Monday, November 23, 2009

Using Christmas Cards as a Weapon

Last night I was going through all the emails I received while I was on vacation, and the title of one caught my eye: "Put the CHRIST back in CHRISTMAS." Clearly not from someone who knows anything about me.

The email encouraged its readers to buy Christmas cards and send them to an organization that fights for equal rights - I forget whether it was the ACLU or the ADL - in order to disrupt their activities. The idea was they will have to open all the Christmas cards because otherwise they won't know which envelopes just have cards and which ones have donations or other correspondence.

It amuses me to think the recipients of all these cards might be surprised at the outporing of Christmas well-wishers this year, at least until they learn, if ever, that it is all just an attempt to slow down their operations.

It also strikes me as ironic that, in this case, Christmas cards are being used as a weapon. It's particularly ironic that the organization being attacked is one that fights for human rights, rather than one that espouses hate, terrorism, or any one of the many other evils I would hope the caring people out there would want to slow down or stop.

I wondered how I should respond to this email. At first I thought I would reply with a curt, "Please take me off your email list," but I thought if I did that I should at least provide an explanation. I didn't want to start a confrontation, however, and I don't know any more about the woman who sent the email than she knows about me. I certainly don't want to suddenly find my email box full of Christmas e-cards.

In the end, I took the easy way out, and hit the "Spam" button, which removed it from my Inbox and presumably will prevent me from receiving future emails from this woman. Now, however, I'm not so sure I did the right thing. Part of me wishes I had replied to the email with the following:

"I find it ironic that you are encouraging people to use Christmas cards as a weapon. Please remove me from your email list. In the future, before you send an email, you may want to ask yourself, 'Will this email help to create peace and harmony in this world, or will it do the opposite?' If the answer is the opposite, I hope you will choose not to send it."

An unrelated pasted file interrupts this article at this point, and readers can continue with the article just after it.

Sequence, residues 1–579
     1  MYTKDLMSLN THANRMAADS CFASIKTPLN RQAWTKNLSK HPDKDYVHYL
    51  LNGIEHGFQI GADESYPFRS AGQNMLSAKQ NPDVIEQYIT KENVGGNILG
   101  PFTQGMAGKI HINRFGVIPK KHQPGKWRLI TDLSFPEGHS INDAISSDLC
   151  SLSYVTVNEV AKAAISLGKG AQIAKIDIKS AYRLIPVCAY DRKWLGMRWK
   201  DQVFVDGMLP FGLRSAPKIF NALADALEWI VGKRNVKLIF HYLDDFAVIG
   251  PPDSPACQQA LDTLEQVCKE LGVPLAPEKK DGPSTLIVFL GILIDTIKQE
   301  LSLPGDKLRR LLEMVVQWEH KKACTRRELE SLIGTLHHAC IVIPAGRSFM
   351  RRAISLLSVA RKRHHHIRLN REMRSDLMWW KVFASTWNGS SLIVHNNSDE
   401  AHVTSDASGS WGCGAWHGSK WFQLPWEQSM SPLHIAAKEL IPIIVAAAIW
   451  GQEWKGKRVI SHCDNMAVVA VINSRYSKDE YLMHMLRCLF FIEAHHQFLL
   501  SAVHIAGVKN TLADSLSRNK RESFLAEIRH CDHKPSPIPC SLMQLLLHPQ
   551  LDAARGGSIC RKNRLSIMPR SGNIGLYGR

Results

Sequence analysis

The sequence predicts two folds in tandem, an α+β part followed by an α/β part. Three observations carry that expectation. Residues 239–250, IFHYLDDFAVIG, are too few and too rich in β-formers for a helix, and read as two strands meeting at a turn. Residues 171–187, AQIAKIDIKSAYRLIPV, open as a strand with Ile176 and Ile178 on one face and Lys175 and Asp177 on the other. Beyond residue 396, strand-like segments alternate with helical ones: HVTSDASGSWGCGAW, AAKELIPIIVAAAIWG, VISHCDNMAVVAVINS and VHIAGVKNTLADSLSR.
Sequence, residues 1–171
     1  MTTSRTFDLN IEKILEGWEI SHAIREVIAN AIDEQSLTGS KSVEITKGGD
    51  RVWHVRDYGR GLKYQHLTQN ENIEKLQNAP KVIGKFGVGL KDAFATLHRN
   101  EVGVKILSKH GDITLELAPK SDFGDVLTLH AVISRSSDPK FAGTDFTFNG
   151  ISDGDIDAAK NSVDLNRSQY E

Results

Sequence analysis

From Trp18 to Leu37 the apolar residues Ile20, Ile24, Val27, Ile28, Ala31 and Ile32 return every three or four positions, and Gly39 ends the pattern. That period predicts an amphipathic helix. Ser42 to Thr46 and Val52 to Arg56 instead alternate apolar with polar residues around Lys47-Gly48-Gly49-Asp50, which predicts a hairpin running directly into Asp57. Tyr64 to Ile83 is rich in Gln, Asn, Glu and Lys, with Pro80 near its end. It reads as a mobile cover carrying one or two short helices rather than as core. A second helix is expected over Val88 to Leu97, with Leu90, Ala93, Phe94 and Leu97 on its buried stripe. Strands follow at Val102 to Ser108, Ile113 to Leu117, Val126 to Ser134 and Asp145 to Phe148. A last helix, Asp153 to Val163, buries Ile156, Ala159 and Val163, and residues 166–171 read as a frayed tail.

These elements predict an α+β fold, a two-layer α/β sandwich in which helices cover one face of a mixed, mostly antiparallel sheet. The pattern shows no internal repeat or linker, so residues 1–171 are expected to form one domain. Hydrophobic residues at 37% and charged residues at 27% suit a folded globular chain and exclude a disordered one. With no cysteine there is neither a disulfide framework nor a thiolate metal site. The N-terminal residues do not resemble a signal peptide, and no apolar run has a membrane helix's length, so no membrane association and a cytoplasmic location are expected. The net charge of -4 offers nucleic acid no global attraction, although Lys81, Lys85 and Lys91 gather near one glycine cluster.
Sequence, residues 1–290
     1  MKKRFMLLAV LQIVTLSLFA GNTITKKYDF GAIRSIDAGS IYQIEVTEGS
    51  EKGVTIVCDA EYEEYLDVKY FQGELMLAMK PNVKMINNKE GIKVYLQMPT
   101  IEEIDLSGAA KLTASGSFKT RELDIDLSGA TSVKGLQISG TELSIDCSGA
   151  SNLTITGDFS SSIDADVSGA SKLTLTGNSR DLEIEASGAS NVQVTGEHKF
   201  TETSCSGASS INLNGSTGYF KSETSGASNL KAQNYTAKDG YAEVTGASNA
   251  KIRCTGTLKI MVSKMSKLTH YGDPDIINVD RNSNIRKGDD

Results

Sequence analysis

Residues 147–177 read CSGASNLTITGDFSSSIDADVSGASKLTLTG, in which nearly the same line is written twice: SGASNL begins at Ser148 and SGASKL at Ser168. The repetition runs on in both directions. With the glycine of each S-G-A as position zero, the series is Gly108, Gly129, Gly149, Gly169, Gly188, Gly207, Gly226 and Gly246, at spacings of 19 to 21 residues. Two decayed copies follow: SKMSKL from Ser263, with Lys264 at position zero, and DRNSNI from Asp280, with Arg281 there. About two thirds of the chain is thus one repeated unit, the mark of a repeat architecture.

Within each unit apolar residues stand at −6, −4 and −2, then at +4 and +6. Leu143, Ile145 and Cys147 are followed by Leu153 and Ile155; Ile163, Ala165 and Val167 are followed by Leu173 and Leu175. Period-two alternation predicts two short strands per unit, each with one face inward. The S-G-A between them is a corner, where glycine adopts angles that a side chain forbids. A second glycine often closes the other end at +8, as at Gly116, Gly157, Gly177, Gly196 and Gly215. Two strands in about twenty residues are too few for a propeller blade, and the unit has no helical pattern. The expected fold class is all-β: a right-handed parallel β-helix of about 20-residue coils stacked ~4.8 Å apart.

Alas, the email is not in my Spam box or in my Trash folder, so I have lost the opportunity to reply to the missive. Insterad, I hope I will continue to try to ask myself the same question in the future before I hit the "Send" button on my emails.


  1. Don't you think it would have been easier to just say, "Thanks, but no thanks? And not be offended? Many of my friends are of the Jewish faith and If I step out of line we talk. That is what understanding is all about. Or maybe give your slant on Christ?
    This whole, "put Christ back into Christmas is everywhere", I wish people that I don't know, A Happy Holiday,and to those I do know are Jewish, A Happy Chanukah!
    I don't comdemd them for their beliefs. That is were the hate is brewed.
    You could take this one step farther. What about the athiests?

  2. Anonymous, I don't believe anything I wrote in this post is condemming anyone for their religious or athiest beliefs. I do, however, disapprove of attempts to disrupt organizations that promote equal rights.

  3. Hmmm... I think someone entirely missed the point of this post..

    Which was great, as always ;o)

    Don't feel bad though, answering to that email wouldn't have done anything positive. Ignore and hope for a better world is the way to go. ;o)